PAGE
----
Desk workers who work eight-hour days spend an average of 50 percent of that time sitting, according to the U.S. Bureau of Labor Statistics. And if you have improper sitting posture, you may be contributing to neck and back pain, muscle tension, decreased mobility, and a weakened core. Paying attention to your desk posture can be crucial to preventing or easing these symptoms and maintaining spinal health.
What are the Side Effects of Poor Sitting Posture?
Back, Neck, and Shoulder Pain
Improper posture can hurt your neck, shoulders, upper back, and lower back. When slouching, the shoulders tend to rotate inward, and the head shifts forward. This position puts more stress on your joints and tension on the muscles in your neck and shoulders, resulting in pain and discomfort over time that can span all the way down through the length of your back.
When your head shifts forward too far for too long while sitting, it puts pressure on the surrounding nerves in your neck. If this nerve irritation persists, it can become painful and even result in a pinched nerve.
An aligned spine is vital for your musculoskeletal system and joint health — the body likes symmetry. If you are consistently rounding your shoulders and spine while sitting, it can cause misalignment and lead to pain or muscle tension.
Change in Spine Curvature
The spine has natural curves in the neck and upper and lower back — and poor desk posture can alter them over time. Changes in the spinal column puts more stress and irritation on certain points of your vertebrae. If this happens over an extended period, it can lead to degenerative spine conditions which result in loss of spinal structure and mobility.
Headaches and Jaw Pain
Leaning forward, protruding the chin, and clenching the jaw are all common tendencies for desk workers. These positions can cause you to contract your facial muscles for longer periods of time and cause headaches, jaw pain, and even dental issues.
How Can I Improve My Desk Posture?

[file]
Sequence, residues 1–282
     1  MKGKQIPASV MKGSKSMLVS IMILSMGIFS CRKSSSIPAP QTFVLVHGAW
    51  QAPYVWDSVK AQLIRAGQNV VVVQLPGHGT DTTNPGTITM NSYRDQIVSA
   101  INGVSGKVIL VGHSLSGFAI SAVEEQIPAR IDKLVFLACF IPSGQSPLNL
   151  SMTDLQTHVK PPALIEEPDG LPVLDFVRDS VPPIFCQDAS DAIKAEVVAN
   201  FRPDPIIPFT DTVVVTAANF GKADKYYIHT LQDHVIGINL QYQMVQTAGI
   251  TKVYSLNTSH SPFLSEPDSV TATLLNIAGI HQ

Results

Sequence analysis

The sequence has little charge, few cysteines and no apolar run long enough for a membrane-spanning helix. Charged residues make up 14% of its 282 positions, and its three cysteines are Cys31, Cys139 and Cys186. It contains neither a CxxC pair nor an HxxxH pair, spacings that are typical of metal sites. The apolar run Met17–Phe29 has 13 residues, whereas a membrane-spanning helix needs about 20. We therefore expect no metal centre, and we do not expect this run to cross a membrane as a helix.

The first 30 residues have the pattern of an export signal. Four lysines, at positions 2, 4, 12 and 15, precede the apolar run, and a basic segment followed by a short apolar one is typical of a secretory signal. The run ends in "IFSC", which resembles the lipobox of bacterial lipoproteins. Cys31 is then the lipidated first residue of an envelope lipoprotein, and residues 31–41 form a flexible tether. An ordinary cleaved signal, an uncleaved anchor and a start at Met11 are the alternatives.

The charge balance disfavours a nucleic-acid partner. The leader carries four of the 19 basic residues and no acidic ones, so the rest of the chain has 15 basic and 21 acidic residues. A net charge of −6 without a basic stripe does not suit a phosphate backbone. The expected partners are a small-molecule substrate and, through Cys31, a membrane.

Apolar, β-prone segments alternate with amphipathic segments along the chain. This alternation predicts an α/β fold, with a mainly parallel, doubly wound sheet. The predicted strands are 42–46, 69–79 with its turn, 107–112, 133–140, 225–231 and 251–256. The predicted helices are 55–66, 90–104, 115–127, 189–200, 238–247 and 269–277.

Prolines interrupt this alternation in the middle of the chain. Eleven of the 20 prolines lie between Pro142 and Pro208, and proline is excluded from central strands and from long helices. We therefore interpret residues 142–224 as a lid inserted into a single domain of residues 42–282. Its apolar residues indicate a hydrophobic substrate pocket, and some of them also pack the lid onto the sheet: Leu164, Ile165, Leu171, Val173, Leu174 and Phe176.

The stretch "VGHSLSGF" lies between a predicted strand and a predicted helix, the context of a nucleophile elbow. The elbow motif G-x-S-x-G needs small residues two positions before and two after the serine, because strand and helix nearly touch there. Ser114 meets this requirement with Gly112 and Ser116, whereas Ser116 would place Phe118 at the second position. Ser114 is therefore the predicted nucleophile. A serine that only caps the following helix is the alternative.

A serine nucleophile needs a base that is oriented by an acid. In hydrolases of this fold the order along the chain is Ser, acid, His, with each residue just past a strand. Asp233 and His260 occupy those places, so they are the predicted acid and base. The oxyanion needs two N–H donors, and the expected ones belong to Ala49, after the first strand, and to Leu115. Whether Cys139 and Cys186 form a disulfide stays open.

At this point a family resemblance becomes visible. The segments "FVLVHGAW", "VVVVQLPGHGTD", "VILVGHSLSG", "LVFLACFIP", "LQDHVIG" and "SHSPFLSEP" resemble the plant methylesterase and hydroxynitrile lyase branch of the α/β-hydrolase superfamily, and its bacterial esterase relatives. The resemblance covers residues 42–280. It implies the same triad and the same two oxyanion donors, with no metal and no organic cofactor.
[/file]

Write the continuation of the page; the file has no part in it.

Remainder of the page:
1. Know the Symptoms
Being aware of the warning signs of poor posture can help you identify if a change is necessary. You may be struggling with pain resulting from poor desk posture if:
- It worsens at certain times of the day or week, such as in the afternoon or after working long hours.
- You feel neck pain that occasionally leads to headaches.
- You experience pain that spreads to your upper and lower back and extremities.
- You can decrease your discomfort when you change your sitting position.
- Standing up and taking a break from sitting decreases your pain.
- You noticed pain after starting new job, getting a new chair, or sitting in the car for a prolonged period.
2. Choose an Ergonomic Chair
Your chair’s features are key to an aligned posture while sitting at your desk. Ergonomic chairs are built to support your body, promote better posture, and prevent discomfort. They are also highly adjustable, meaning you can change its height and adjust the back rest to fit your body.
When sitting, you want your feet to rest on the ground with your thighs parallel to the floor. Your chair may need to be lowered or raised to accommodate this.
When choosing a chair, I recommend looking for:
- Comfort: Make sure the base of the chair is wide enough to accommodate your hips and that all parts of the seat feel comfortable for you.
- The ability to change seat height: Everyone’s body is different, so an adjustable chair is key. It can also be more comfortable to keep the chair lower or higher depending on how you are sitting.